Monday, December 2, 2013

Holiday Decorating: Renaissance style

I always think the weekend after Thanksgiving is the perfect time to decorate for the holidays. For exterior decorating it's not too cold yet (hopefully) and it leaves the decorations up for the longest for everyone to enjoy!
Recently while in Old Town Alexandria, Virginia, I noticed the fan of fruit above the front door of the Bank of Alexandria Building  (1792) seen in the images above.  Commonly referred to as "Williamsburg over-door fans" these decorations actually date to the early 20th century thanks to House Beautiful magazine!
For the Holiday issue of 1926 House Beautiful encouraged its readers to decorate like Lucca della Robbia, an Italian Renaissance sculptor known for his use of fruit wreaths (see above for an example of his work). In the late 1930s Christmas decorating competitions were held in Colonial Williamsburg and many of the participants sourced House Beautiful and created these fruit decorations which would have been thought quite odd and wasteful in hard Colonial times!
The pineapple is often used as a sign of hospitality, perfect for the holidays.  These over-doors are also similar to the magnificent carvings of sculptor Grinling Gibbons who achieved ultimate realism in his carvings of fruit and flowers in early 18th century England.  What do you think -would you use fruit in your holiday decorating?

9 comments:

The Devoted Classicist said...

While I appreciate the more natural approach to holiday decorating, I think the squirrels, etc., would bite at, if not actually eat, such a display here. But then, the local version would more likely be plastic fruit hot-glued to Masonite.

Divine Theatre said...

I used this as a guideline to my decorating last year! This Summer, I constructed a wooden template with nails to skewer the fruit. WE don't decorate for Christmas until two weeks into December because we use fresh greenery and don't take it down until Epiphany.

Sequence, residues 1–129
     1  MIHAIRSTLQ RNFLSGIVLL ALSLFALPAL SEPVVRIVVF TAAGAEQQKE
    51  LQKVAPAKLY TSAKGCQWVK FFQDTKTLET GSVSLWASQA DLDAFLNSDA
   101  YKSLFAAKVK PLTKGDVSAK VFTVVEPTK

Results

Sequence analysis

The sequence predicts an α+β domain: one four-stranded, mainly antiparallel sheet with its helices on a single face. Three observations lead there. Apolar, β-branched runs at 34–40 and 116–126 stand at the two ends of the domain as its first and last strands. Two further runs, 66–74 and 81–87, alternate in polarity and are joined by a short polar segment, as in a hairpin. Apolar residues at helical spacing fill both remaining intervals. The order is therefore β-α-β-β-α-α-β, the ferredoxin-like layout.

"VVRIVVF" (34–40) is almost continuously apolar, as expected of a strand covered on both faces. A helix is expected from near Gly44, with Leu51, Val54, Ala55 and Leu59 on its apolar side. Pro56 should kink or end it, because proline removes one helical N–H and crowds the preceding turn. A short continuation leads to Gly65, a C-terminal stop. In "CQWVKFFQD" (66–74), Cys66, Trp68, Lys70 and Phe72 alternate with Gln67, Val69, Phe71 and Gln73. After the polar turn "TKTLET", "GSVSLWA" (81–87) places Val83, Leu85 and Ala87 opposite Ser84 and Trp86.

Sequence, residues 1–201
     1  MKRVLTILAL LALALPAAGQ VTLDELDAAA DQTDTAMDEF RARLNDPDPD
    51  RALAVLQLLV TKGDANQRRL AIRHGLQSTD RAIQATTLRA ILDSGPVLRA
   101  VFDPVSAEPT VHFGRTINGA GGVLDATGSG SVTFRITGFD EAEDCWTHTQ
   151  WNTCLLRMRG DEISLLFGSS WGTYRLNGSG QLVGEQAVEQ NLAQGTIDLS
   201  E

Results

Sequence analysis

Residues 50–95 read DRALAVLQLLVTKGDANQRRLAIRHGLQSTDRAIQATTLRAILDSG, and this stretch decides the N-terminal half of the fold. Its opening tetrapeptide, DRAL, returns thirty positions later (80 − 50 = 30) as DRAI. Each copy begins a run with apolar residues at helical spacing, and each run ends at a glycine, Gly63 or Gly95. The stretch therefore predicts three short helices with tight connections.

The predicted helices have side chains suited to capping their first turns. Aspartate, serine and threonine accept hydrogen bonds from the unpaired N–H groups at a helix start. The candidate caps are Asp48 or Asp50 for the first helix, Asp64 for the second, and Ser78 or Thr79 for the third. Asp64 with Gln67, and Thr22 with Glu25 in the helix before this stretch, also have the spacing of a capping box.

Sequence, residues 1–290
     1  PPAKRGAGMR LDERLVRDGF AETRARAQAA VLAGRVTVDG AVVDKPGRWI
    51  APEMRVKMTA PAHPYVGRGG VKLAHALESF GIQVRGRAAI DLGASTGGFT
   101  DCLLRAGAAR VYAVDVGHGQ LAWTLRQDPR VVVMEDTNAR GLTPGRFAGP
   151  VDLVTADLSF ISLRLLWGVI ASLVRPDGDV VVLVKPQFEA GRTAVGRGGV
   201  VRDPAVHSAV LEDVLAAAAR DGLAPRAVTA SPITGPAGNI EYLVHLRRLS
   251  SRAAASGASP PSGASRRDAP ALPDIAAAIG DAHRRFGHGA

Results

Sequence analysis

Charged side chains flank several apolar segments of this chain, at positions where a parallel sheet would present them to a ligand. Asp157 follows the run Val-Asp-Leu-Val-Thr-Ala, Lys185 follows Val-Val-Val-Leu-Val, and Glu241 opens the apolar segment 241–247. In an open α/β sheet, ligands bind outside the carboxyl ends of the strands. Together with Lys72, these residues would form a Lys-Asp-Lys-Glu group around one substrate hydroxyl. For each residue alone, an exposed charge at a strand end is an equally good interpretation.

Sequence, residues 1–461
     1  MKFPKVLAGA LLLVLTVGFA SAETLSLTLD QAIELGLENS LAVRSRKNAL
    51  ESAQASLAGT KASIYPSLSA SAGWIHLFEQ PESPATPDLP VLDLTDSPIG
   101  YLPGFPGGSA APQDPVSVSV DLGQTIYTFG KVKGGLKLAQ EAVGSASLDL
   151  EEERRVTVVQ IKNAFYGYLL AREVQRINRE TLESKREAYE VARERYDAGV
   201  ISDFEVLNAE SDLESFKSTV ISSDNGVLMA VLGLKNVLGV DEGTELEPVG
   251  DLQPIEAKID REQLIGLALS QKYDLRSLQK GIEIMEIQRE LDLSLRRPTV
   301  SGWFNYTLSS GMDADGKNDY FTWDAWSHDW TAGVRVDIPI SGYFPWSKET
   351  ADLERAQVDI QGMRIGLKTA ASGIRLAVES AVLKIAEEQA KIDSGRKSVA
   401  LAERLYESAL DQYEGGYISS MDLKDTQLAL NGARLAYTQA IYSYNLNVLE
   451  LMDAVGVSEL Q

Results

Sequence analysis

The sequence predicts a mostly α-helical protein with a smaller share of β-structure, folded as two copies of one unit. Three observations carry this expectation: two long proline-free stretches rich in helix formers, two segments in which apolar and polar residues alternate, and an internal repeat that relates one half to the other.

There are some very realistic faux versions of fruit and I actually used faux oranges, apples and limes for indoor displays. It was easy to decorate them with cloves. I tuck cotton balls, soaked in orange essential oil and lime oil under the display for the necessary dimension of scent! The only fruit that I cannot find a suitable "faux" for is pineapple. However, they are long lived and easy to replenish at only $2 each!
I used faux sliced fruit for garlands and almost killed my family with the fumes when I placed them in the oven, covered in cinnamon to mimic dried fruit! Not recommended! They turned out well, though!
Here is a sampling of what we did last Christmas...
http://divinetheatre.blogspot.com/2012/12/merry-christmas.html


xo

Andie

Loi Thai, Tone on Tone said...

So beautiful! I love using fruit to decorate this time of year. What a gracious way to welcome guests!

Mark D. Ruffner said...

Della Robbia is a great favorite of mine, and I think the decoration for the Alexandria fanlight approximates della Robbia beautifully. I especially like the care to make the inner ring of apples uniformly darker red — from a distance it's as effective as close-up.

deana sidney said...

I like a bit of fun on a strait-laced old house. The color is wonderful in winter... good show!

Slim Paley said...

I always use fruit to decorate at Christmas! Well, all year round actually, living in Southern California.
It's welcoming, traditional and best of all, easy!
Happy Holidays to you
xxSP

Paisley Curtain said...

I always use fruit for holiday decorating, but have never used for outdoor decorations. We get so much temperature variations, even live wreaths have hard time surviving :)

designchic said...

I love using fresh fruits and vegetables in arrangements inside and out. They add such a beautiful element - especially love using in my centerpieces!

Ann said...

So festive, I love this idea!